An Interview with David Kershaw – By David Stephenson

 So David, why not start things off by introducing yourself to our readers?

44 years old Londoner, have been a professional actor since graduating from RADA 22 years ago.

You’ve recently appeared in your second feature film called Encounters, reviewed in this issue. Could you tell us a little about this film, and your role in this piece?

Encounters is a completely unscripted, and therefore improvised, feature set in the world of single people in south-east London looking for love, a life-partner or maybe something very particular to them. A group of disparate (and desperate, in some cases…) individuals meet each other for the first time at a speed-dating event organized by my character, Simon. Some are successful, some less so; and the remainder of the film follows some of the relationships that grow out of the speed-date.

In the film, you play a rather introverted, shy kind of character. Is this anything like the real David Kershaw, or something of a departure for you?

Maybe the best way to answer this question is by telling you that when Pat told me that the film would start with a speed-dating event my first thought (and maybe even my first words to him) were, "there’s no way I’m going to one of those!" So, I guess, the answer is yes, I am a little shy and introverted. Pat also gave me a completely free hand in creating the character; his only brief to me was, "It’s the first speed-date that he’s organized. And he’s not very good at it".

For me, the character was created on the spot as we were shooting, so I’m a little ashamed to say that the anally-retentave-control-freakery that Simon exhibits at the speed-date is probably quite close to my own behaviour – and while I cringe at his appalling behaviour, most audiences find it quite funny. I’d like to be able to say that Simon is a complete departure from the real me, but…

How do you prepare for the roles you undertake? Is there any special technique you have? Did your role in Encounters require any special preparation?

Encounters was unusual because there was no script to scour for clues or information about the character – which is where my preparation would normally start. I created a back-history for Simon as to why he was organizing the event but beyond that I did absolutely no preparation. Also, because I didn’t really know who Simon was going to be before we started shooting I determined that what would make him interesting was his attitude to the various other people he came into contact with at the speed-date.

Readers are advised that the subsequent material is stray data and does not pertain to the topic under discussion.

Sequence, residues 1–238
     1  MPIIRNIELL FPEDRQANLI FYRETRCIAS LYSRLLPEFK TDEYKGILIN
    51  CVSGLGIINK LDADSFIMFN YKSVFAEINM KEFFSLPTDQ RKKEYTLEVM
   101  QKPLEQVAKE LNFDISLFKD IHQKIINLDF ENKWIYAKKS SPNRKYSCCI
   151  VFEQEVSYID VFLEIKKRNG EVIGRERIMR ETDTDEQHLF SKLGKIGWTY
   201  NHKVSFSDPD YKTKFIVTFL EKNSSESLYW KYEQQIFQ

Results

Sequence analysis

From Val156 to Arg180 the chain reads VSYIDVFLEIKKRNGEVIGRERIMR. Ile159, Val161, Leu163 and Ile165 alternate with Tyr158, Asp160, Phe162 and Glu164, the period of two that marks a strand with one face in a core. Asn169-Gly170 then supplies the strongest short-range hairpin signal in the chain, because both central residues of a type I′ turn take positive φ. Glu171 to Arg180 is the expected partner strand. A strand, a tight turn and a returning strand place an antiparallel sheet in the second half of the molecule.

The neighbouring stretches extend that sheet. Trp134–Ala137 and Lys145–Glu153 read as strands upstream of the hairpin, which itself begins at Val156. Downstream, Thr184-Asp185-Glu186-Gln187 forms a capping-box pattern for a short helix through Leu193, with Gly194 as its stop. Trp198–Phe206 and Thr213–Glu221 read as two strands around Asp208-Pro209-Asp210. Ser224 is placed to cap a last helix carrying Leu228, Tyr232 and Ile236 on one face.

Even I was surprised at how he responded to some of the other characters. Something I’ve learned over the years is that what makes interactions between characters on screen or stage interesting is what passes between them, so you have to focus on that. In the real world, you may have been weaned off the breast too early and had corn flakes for breakfast but how those factors manifest themselves in your day-to-day interactions are probably negligible. It’s the same for a created character. I would argue that what we all like to watch are characters that have clearly identified attitudes to each other. So, as an actor, I decide what my attitude is to the situation my character is in and then what my attitude is to any other character I come into contact with.

A little secret: because of other work commitments I’d agreed with Pat to only be involved in the speed-date which was shot over a long weekend. When Pat then said he wanted to follow the developing relationship between Simon and Carol I found it quite tricky because I felt I’d allowed Simon to become something of a monster. As for special technique – you just have to keep asking "what if?" "What if my character did this now?", or whatever. It’s called a "play" for a reason…

You say you had to totally improvise Simon and create a whole back story for him. Do you agree with this approach, or would you prefer a scripted character to fall back on?

I’m very happy with this approach; the freedom that you have when creating a character from scratch is fantastic. The only problem one may find is having too many choices available to you. To be honest, nobody can act a back-story anyway, and sometimes a writer thinks they’re helping you by giving you loads of background, but most of what they give you will be irrelevant. A good writer gives the actor really strong actable objectives from moment to moment.

What do you mean when you say Simon became something of a monster?